Alex Kholodenko 35:13

the key. I think that's the key mindset that we all you need to continuously work on is be proud of what you offer. It's an opportunity. They could say now, you know, for whatever reason, I talked to a guy recently, he is he invested in two deals with us. He's receiving cash flow distributions, and he is going to invest in the next deal. And I always casually ask, you know, do you know anybody else that might be interested? And very interesting thing is, I don't like to tell my friends and family about this. I mean, come on, you're already seeing the results. Right. Right. Yeah. But but some of us carry these stupid stories in our head, that are not helping us not serving us, right?


Brian Briscoe 36:02

Yeah, I'll tell you one, one simple switch is when you show up to the office on Monday, as soon as other people around you, inevitably somebody is going to ask you, how was your weekend? You know, it's really simple to say, you know, I spent a lot of time working on this apartment deal. You know, that's something you can naturally weave into any conversation. Oh, hey, how are you? If you meet somebody you haven't seen in a long time? How are you? How have you been doing is usually a question that comes out. And, you know, it's just a matter of finding ways to, to naturally weave it into conversations. And what I what I found is most people self select, you know, so you don't have to necessarily ask people for money. Because once you start talking about it, people will self select the last questions like, Wow, that sounds interesting. How can I learn more? Oh, hey, you know, let me know, when something else comes up. I, you know, I've got money to invest to but I have found that more people are self selecting. And for our deals, I'm not asking people for money. I'm talking to people about what we do. And they tell me, they want to be on our investor list. And they tell me that they want to invest in the next deal that we're doing. But I mean, part of that is traction and success that we've had, and you're on your first deal. But, you know, it's definitely talked to more people and pay attention to their reactions, and then the follow up.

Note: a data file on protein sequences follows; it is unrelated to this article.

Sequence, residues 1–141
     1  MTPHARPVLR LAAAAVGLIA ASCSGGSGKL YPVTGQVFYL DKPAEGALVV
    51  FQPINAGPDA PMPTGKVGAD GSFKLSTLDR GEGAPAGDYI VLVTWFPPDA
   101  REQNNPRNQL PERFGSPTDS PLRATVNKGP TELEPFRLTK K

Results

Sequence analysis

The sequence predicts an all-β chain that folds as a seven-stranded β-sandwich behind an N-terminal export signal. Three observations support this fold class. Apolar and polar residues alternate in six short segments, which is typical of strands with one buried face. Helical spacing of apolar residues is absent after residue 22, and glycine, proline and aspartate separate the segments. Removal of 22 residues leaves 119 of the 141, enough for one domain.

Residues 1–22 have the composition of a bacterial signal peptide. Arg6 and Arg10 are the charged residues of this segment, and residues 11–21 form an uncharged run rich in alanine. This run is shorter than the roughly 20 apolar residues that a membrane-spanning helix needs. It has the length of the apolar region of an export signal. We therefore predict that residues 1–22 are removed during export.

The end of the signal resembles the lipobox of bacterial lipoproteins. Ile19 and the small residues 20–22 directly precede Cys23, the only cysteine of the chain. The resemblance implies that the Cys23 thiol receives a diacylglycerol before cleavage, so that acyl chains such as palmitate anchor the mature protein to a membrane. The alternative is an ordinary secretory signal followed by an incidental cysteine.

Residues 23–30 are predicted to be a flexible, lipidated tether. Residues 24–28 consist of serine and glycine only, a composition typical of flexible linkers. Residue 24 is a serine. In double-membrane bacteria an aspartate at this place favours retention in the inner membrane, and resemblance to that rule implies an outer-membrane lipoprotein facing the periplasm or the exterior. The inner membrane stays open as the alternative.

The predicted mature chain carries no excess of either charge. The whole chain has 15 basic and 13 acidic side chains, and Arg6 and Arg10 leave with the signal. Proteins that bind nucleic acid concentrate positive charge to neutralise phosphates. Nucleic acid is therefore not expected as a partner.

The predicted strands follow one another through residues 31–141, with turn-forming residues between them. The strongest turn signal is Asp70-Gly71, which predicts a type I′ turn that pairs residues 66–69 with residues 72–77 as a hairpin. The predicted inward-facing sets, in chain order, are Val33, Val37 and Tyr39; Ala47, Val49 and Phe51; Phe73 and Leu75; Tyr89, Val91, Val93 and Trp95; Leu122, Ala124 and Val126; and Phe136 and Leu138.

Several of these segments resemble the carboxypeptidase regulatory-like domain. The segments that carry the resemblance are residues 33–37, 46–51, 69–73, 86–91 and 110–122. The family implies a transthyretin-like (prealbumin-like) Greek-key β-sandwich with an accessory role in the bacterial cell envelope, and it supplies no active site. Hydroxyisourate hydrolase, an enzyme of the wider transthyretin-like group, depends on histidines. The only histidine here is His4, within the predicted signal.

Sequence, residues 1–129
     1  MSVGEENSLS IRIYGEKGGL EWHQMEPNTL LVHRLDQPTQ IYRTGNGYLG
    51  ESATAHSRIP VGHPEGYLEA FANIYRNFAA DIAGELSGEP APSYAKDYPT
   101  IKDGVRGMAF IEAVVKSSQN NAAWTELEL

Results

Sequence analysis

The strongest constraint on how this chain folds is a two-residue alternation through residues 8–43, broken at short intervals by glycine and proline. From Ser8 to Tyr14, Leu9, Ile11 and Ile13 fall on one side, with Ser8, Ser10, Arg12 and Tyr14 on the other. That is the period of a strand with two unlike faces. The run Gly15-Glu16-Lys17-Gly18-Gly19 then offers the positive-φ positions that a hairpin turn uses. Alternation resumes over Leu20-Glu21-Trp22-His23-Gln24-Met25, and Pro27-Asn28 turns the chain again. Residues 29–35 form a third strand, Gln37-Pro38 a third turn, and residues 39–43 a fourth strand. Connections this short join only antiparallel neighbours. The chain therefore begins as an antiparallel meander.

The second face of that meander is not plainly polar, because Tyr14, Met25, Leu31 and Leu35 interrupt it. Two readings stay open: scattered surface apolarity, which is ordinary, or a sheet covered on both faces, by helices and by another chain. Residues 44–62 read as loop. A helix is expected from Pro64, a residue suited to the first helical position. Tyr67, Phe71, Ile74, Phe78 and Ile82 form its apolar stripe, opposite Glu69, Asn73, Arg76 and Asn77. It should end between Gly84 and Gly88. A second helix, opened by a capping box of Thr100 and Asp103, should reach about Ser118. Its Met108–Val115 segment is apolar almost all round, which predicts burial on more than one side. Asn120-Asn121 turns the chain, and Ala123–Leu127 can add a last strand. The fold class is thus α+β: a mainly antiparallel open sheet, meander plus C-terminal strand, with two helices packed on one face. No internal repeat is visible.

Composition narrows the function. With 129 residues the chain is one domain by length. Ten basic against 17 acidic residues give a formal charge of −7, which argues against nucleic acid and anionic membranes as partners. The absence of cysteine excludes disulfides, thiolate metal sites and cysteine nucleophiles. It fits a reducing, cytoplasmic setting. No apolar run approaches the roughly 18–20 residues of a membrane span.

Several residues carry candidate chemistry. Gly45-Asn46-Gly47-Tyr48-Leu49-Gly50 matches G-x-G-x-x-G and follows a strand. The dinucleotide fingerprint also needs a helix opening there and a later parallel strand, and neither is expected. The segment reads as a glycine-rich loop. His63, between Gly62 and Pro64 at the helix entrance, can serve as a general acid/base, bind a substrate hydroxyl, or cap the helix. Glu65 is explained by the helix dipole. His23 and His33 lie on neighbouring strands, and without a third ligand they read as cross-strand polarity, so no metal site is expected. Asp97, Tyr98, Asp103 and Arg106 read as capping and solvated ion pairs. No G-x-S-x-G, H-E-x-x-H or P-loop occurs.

Alex Kholodenko 37:22